NSA and GCHQ spying on MMO gamers?


Apparently intelligence agencies are watching our conversations in MMOs according to a recent report by ProPublica and The New York Times.

Based on classified documents leaked by former National Security Agency contractor Edward J. Snowden, the report says that the NSA and its British counterpart, the UK Government Communications Headquarters (GCHQ), have “infiltrated” massive multiplayer online games like World of Warcraft.

MMOs worry the NSA and GCHQ because these games have features common with how militants communicate – fake identities, voice and text chats, a way to conduct financial transactions.

They haven’t found much during their online sting other than credit card fraud:

By the end of 2008, according to one document, the British spy agency, known as GCHQ, had set up its “first operational deployment into Second Life” and had helped the police in London in cracking down on a crime ring that had moved into virtual worlds to sell stolen credit card information. The British spies running the effort, which was code-named “Operation Galician,” were aided by an informer using a digital avatar “who helpfully volunteered information on the target group’s latest activities.”

And “potential targets for recruitment”:

Still, the intelligence agencies found other benefits in infiltrating these online worlds. According to the minutes of a January 2009 meeting, GCHQ’s “network gaming exploitation team” had identified engineers, embassy drivers, scientists and other foreign intelligence operatives to be World of Warcraft players — potential targets for recruitment as agents.

OK, so maybe they have something here:

One NSA document said that the World of Warcraft monitoring “continues to uncover potential Sigint value by identifying accounts, characters and guilds related to Islamic extremist groups, nuclear proliferation and arms dealing.” In other words, targets of interest appeared to be playing the fantasy game, though the document does not indicate that they were doing so for any nefarious purposes. A British document from later that year said that GCHQ had “successfully been able to get the discussions between different game players on Xbox Live.”

On the other hand, how many times have punk kids created the swastika emblem in Call of Duty? I doubt they have any involvement with Nazism. Characters and guilds that relate to “Islamic extremist groups, nuclear proliferation and arms dealing” with full intention of doing something malicious might be a bit of a stretch.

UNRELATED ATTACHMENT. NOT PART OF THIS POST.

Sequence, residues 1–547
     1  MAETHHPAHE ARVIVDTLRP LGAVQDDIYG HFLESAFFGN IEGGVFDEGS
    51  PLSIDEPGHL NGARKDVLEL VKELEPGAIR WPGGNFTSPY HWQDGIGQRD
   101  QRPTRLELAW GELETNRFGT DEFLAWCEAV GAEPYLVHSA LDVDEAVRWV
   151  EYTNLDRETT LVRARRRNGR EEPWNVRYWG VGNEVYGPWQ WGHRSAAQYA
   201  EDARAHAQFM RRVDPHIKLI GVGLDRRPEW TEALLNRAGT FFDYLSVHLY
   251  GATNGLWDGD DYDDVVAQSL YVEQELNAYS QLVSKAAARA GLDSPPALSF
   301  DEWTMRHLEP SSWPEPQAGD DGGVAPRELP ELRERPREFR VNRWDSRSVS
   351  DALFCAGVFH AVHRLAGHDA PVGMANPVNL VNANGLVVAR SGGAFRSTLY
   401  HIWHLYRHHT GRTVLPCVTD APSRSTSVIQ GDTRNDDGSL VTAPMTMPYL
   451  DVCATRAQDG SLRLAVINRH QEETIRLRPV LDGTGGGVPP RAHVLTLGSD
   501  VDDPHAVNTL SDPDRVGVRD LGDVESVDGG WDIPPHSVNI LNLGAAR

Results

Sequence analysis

However, I do like their findings on one study:

It is not clear how useful such research might be. A group at the Palo Alto Research Center, for example, produced a government-funded study of World of Warcraft that found “younger players and male players preferring competitive, hack-and-slash activities, and older and female players preferring noncombat activities,” such as exploring the virtual world. A group from the nonprofit SRI International, meanwhile, found that players under age 18 often used all capital letters both in chat messages and in their avatar names.

No way! /sarcasm

And because no one will speculate when they’re told not to:

Those involved in the project were told little by their government patrons. According to Nick Yee, a Palo Alto researcher who worked on the effort, “We were specifically asked not to speculate on the government’s motivations and goals.”

Now I get the intelligence industry’s curiosity in MMOs. These games show a great example of how we, as humans, react to events that we normally wouldn’t encounter. Take the Corrupted Blood incident in World of Warcraft. The virtual plague caused a pandemic in the game. It caught the attention of epidemiologists for its implications of how human populations could react to a real-world zombie apocal..err.. epidemic.

But are terrorists using MMOs to communicate? I guess anything is possible but to access these virtual worlds you have to give the publisher or developer — who ever is handling accounts — your personal information for billing or support purposes. For anyone who doesn’t want to get caught, that’s a huge wrench in their plans.

My two cents anyway.

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